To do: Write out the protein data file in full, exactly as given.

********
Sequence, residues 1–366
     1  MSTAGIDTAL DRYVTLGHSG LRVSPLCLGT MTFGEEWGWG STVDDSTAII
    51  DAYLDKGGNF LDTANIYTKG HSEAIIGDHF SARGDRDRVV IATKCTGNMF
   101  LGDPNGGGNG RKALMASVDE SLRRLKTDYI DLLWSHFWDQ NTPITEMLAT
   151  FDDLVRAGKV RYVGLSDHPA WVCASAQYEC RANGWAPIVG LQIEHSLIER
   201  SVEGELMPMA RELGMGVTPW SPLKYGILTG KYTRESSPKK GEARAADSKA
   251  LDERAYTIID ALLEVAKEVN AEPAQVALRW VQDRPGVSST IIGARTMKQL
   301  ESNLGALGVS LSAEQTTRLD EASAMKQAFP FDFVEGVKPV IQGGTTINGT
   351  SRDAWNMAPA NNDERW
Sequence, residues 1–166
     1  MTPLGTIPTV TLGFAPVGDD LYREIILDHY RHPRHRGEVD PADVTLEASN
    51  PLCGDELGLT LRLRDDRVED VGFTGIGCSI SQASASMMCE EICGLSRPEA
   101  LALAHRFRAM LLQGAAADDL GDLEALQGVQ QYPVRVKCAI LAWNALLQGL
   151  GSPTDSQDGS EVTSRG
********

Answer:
Sequence, residues 1–366
     1  MSTAGIDTAL DRYVTLGHSG LRVSPLCLGT MTFGEEWGWG STVDDSTAII
    51  DAYLDKGGNF LDTANIYTKG HSEAIIGDHF SARGDRDRVV IATKCTGNMF
   101  LGDPNGGGNG RKALMASVDE SLRRLKTDYI DLLWSHFWDQ NTPITEMLAT
   151  FDDLVRAGKV RYVGLSDHPA WVCASAQYEC RANGWAPIVG LQIEHSLIER
   201  SVEGELMPMA RELGMGVTPW SPLKYGILTG KYTRESSPKK GEARAADSKA
   251  LDERAYTIID ALLEVAKEVN AEPAQVALRW VQDRPGVSST IIGARTMKQL
   301  ESNLGALGVS LSAEQTTRLD EASAMKQAFP FDFVEGVKPV IQGGTTINGT
   351  SRDAWNMAPA NNDERW
Sequence, residues 1–166
     1  MTPLGTIPTV TLGFAPVGDD LYREIILDHY RHPRHRGEVD PADVTLEASN
    51  PLCGDELGLT LRLRDDRVED VGFTGIGCSI SQASASMMCE EICGLSRPEA
   101  LALAHRFRAM LLQGAAADDL GDLEALQGVQ QYPVRVKCAI LAWNALLQGL
   151  GSPTDSQDGS EVTSRG